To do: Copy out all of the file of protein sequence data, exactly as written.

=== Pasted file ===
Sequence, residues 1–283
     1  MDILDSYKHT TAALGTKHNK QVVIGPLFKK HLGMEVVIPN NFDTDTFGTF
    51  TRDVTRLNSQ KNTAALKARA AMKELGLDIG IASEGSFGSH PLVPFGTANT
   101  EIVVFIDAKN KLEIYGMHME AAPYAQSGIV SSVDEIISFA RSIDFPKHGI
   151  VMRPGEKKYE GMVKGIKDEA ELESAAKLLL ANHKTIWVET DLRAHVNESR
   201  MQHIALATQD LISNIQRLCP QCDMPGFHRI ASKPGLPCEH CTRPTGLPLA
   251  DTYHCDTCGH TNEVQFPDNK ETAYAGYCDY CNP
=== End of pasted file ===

Sequence, residues 1–283
     1  MDILDSYKHT TAALGTKHNK QVVIGPLFKK HLGMEVVIPN NFDTDTFGTF
    51  TRDVTRLNSQ KNTAALKARA AMKELGLDIG IASEGSFGSH PLVPFGTANT
   101  EIVVFIDAKN KLEIYGMHME AAPYAQSGIV SSVDEIISFA RSIDFPKHGI
   151  VMRPGEKKYE GMVKGIKDEA ELESAAKLLL ANHKTIWVET DLRAHVNESR
   201  MQHIALATQD LISNIQRLCP QCDMPGFHRI ASKPGLPCEH CTRPTGLPLA
   251  DTYHCDTCGH TNEVQFPDNK ETAYAGYCDY CNP